In a largely male-dominated industry, the world of rap has opened up considerably in recent years under the impulse of many women who want to make their voices heard — even in the Arab world, where little space has been made for female rappers who are too often held to a different standard than their male counterparts.
After scouring both the mainstream and underground rap scene, here are eight of the best Arab female rappers you need to listen to. Strong, passionate, and politically engaged, these women are challenging social norms and stealing the spotlight.
The British-Palestinian musician is one of the pioneering women of Arab rap. Dubbed “the First Lady of Arab Hip Hop,” Shadia Mansour has been performing from an early age, singing classical music before shifting to rap music.
Her songs are political statements that carry her passion for Palestinian liberation with a rapping style reminiscent of the 80s and 90s.
Despite her sparse releases, Lebanon’s rapping queen Malikah has been in the game for over a decade.
Born Lynn Fatouh, she started her journey rapping both in English and French, and then, in 2006, she switched to Arabic after reinventing herself as Malikah, the Arabic word for queen, a title she has kept ever since.
She has collaborated with many central figures of the Arab rap scene and has made her way into the international festival circuit with cross-cultural projects such as Lyrical Rose, her trio with Kenyan artist Nazzi and Columbian rapper Diana Avella.
Montreal-based singer and rapper Meryem Saci is considered one of Algeria’s first female rappers.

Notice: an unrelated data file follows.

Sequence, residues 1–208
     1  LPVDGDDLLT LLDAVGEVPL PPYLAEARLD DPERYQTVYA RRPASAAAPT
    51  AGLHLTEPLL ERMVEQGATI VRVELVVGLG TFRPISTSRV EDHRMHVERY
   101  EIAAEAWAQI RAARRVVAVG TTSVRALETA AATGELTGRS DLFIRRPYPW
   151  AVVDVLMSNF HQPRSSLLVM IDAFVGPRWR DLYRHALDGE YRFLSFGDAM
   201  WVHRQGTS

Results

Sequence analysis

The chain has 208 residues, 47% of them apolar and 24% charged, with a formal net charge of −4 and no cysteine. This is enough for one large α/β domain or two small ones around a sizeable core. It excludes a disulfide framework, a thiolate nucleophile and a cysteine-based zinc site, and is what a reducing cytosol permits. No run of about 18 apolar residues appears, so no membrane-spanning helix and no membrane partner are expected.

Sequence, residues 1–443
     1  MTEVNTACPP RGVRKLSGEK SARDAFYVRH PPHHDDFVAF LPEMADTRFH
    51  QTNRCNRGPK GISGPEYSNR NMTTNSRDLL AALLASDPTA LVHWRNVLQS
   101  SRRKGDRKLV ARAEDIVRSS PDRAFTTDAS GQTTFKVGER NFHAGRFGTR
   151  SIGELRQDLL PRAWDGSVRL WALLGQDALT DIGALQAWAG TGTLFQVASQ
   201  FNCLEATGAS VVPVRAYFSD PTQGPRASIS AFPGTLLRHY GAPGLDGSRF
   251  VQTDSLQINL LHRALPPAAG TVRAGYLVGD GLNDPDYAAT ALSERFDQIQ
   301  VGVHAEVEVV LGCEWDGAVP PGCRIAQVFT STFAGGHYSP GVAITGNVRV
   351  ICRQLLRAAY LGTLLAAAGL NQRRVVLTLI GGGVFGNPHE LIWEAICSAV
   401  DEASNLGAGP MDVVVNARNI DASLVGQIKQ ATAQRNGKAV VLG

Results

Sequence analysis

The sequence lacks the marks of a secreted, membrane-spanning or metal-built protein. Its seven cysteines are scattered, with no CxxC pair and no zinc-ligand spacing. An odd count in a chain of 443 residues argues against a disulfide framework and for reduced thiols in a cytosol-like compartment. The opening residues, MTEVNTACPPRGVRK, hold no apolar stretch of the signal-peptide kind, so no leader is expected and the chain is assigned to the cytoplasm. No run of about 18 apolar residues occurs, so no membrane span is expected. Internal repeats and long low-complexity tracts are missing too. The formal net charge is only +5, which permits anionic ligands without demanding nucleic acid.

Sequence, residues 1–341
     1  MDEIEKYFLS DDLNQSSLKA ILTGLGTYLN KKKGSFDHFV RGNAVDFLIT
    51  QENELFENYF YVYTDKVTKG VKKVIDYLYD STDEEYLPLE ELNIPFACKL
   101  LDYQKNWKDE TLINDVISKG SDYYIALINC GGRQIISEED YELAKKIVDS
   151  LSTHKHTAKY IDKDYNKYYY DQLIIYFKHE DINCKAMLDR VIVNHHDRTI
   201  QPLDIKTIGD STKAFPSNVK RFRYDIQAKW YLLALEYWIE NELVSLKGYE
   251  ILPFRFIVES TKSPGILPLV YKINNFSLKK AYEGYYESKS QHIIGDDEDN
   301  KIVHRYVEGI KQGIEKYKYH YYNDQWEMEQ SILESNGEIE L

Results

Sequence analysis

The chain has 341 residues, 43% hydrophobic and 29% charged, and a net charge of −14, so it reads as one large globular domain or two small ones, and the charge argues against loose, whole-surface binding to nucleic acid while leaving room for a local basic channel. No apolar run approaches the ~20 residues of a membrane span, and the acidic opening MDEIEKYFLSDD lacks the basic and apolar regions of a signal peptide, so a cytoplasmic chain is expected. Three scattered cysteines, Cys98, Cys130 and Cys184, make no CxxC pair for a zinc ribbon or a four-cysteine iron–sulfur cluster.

Her sound is eclectic, mixing together various influences such as jazz and reggae with Middle-Eastern undertones and Gnaoua-style music.
The Algerian rapper never fails to impress with new aspects of her art and defines her style as “Afro-Arab.”
Syrian-American rapper Mona Haydar ventured into the music industry in 2017 and found immediate success.
Her first song “Hijabi” totals a whopping 7.2 million views on YouTube.
Far from being a one-hit-wonder, she has since released many songs and has racked up impressive views, making her one the most prolific and female rappers in the Arab world. Her songs speak of feminism, denounce racism, and advocate self-love, tolerance, and world peace.
The rapper shot to fame with her debut song, “Bint Mecca” (“Mecca Girl”), a song in which she celebrates women from Mecca, Islam’s holiest city.
Conservatives slammed her song along with the music video, accusing the rapper of undermining the customs and traditions of Mecca, Saudi Arabia. This led to the singer’s arrest, but she was released shortly after.
The controversy only made Asayael Slay’s hit even more popular as people went online to show support and solidarity with the rapper through the hashtag #بنت_مكة_تمثلني. (“Mecca girl represents me”).
Soultana is one of the first female rappers in Morocco and the MENA region and has paved the way for a generation of Arab and North African women in the rapping industry.
Well-known for her a passionate rapping style and energetic delivery, Soultana rose to international prominence as part of Moroccan girl group Tigress Flow, before branching out as a solo artist.
Her biggest hit to date, Sawt Nssa, or “Voice of Women,” is a feminist manifesto in which she condemns street harassment and gender-based violence.
Boutheina El Alouadi, known as Medusa, is a rapper and dancer who has been immersed in Tunisia’s burgeoning hip-hop scene from the age of 10.
She is also the first woman rapper from Tunisia to break out onto the international scene. Her songs touch on topics ranging from abortion rights and revolution to world peace.
She made a name for herself on the popular “Arabs Got Talent” television show, but Mayam Mahmoud is much more than a hijab-wearing rapper: She is a women’s rights activist who made it her mission to combat sexual harassment in Egypt, a mission that got her the 2014 Index Art Award in London.
Just like her advocacy, her songs tackle harassment, sexism, and victim-blaming.